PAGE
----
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Details of Grant 

EPSRC Reference: EP/H025340/1
Title: Mixed cation- and anion-exchange hybrid membranes for use in fuel cells, redox flow batteries and electrodialysis cells
Principal Investigator: Varcoe, Professor JR
Other Investigators:
Slade, Professor RCT
Researcher Co-Investigators:
Project Partners:
Acta S p A Mintek
Department: Chemistry
Organisation: University of Surrey
Scheme: Standard Research
Starts: 14 June 2010 Ends: 13 December 2013 Value (£): 388,982
EPSRC Research Topic Classifications:
Fuel Cell Technologies
EPSRC Industrial Sector Classifications:
Related Grants:
Panel History:
Panel DatePanel NameOutcome
10 Feb 2010 Process Environment and Sustainability (PES) Announced
26 Nov 2009 Process Environment and Sustainability Panel Deferred
Summary on Grant Application Form
The research involves the development of hybrid polymer electrolyte membranes and membrane electrode assemblies (HyMEA) that contain distinct cation(proton)- and anion(alkali)-exchange phases with a defined interface or junction between the phases. Two different approaches will be investigated: Approach 1 (lower risk) will involve the fabrication of HyMEAs using commercially available Nafion ionomers and proton-exchange membranes along with Surrey's previously developed alkaline ionomer formulations and alkaline anion-exchange membranes. The second approach (higher risk involving more fundamental explorations) will involve the synthesis of innovative hybrid membranes from a single precursor polymer film where the distinct cation- and anion-exchange phases are separated by a chemical junction/interface and where there are no interferences from undesirable physical separation phenomena between the phases.The HyMEAs will firstly be evaluated in fuel cells with a preferred embodiment where the acidic phase is located at the anode and the alkaline phase is located at the cathode. The use of HyMEAs will allow the use of low humidity hydrogen and air gas supplies as the water generation in the operating fuel cells is at the cation-/anion-exchange junction, which is located away from the electrodes themselves (water generation in the electrodes in traditional fuel cells can disrupt the supply of the reactant gases, which leads to mass transport derived performance losses); the cation-/anion-exchange junction is ideally located inside the HyMEA for maximum retention of the hydration state of the polymer electrolyte membranes and films for maximum ionic conductivity. The synthetic approaches detailed above were deliberately chosen to allow for HyMEAs and hybrid membranes to be synthesised where the cation-/anion-exchange junctions can be located at controlled (and varying) distances from the anode and cathodes; hence the optimum location of water generation (e.g. near to the anode, near to the cathode, located dead centre) can be determined for each approach. The presence of a high pH cathode will also allow for the use of non-platinum (non-Pt) cathodes (the cathodes of traditional hydrogen fuel cells, where the oxygen reduction reaction kinetics are sluggish, contain the bulk of the Pt content; the anode electrokinetics are superior and hence significantly less Pt can be used at the anodes).Recently, hybrid (bipolar) membranes have been applied to technologies such as redox flow batteries and electrodialysis cells: therefore, the project will also evaluate if the application of the hybrid membranes developed above is pertinent to these technologies. The model systems for this impact assessment will be a vanadium redox flow battery and a sodium formate electrodialysis cell.PRINCIPAL AIMS: To develop a range of HyMEAs that are initially targeted for use in hydrogen fuel cells that require non-humidified gas supplies and that contain non-platinum-group-metal cathodes.ENSUING PROJECT AIMS: An initial feasibility study on the use of the developed hybrid membranes in electrodialysis cells and redox flow batteries to explore the potential impact of the developing technologies in non-energy generation applications (water technologies and energy storage).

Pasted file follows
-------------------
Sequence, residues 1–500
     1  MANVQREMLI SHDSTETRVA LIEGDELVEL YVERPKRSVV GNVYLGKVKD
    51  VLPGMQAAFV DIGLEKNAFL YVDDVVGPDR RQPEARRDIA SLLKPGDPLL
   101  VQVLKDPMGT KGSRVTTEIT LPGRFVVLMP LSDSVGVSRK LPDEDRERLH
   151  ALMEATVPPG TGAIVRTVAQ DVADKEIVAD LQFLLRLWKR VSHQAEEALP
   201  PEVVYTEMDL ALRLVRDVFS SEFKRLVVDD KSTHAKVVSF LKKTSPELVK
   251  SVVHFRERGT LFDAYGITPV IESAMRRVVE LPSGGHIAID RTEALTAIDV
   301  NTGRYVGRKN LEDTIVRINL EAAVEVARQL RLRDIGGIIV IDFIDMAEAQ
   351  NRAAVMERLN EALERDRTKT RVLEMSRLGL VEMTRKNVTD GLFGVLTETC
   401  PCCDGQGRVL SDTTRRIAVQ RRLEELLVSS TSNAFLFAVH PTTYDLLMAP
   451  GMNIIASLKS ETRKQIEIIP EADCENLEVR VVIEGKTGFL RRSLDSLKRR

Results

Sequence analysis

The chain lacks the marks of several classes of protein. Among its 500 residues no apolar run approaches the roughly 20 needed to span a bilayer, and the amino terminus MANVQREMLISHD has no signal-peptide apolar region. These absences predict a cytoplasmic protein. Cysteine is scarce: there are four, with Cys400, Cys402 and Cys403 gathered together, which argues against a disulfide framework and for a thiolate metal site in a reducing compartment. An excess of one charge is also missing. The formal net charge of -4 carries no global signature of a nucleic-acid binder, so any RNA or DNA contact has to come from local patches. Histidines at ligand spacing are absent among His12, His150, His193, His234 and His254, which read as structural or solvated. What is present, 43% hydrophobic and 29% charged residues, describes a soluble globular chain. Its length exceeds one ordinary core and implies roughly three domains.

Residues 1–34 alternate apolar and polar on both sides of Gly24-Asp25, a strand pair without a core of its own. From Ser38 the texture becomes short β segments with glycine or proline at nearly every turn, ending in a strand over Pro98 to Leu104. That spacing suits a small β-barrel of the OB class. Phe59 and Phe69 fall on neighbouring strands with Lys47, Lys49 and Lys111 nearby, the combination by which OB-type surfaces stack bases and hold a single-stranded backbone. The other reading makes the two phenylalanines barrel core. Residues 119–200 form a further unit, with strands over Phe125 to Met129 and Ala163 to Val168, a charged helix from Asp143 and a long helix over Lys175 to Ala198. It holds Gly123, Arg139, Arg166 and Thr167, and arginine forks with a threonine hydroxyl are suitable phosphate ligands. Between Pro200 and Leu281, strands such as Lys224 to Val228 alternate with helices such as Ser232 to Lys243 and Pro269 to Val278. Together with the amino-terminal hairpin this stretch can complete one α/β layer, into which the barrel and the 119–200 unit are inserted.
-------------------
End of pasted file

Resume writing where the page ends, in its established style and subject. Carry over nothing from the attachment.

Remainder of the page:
Key Findings
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Potential use in non-academic contexts
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Date Materialised
Sectors submitted by the Researcher
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Project URL: http://www.surrey.ac.uk/chemistry/people/john_varcoe/
Further Information:  
Organisation Website: http://www.surrey.ac.uk